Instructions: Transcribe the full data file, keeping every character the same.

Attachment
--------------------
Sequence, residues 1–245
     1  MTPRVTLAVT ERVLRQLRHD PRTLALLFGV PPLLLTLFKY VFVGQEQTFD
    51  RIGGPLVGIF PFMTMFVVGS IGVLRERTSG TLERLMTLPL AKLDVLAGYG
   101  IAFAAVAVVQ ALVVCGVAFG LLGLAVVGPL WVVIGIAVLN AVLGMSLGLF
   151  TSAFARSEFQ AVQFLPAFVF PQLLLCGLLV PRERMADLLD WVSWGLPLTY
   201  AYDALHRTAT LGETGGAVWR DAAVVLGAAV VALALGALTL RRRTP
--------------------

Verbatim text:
Sequence, residues 1–245
     1  MTPRVTLAVT ERVLRQLRHD PRTLALLFGV PPLLLTLFKY VFVGQEQTFD
    51  RIGGPLVGIF PFMTMFVVGS IGVLRERTSG TLERLMTLPL AKLDVLAGYG
   101  IAFAAVAVVQ ALVVCGVAFG LLGLAVVGPL WVVIGIAVLN AVLGMSLGLF
   151  TSAFARSEFQ AVQFLPAFVF PQLLLCGLLV PRERMADLLD WVSWGLPLTY
   201  AYDALHRTAT LGETGGAVWR DAAVVLGAAV VALALGALTL RRRTP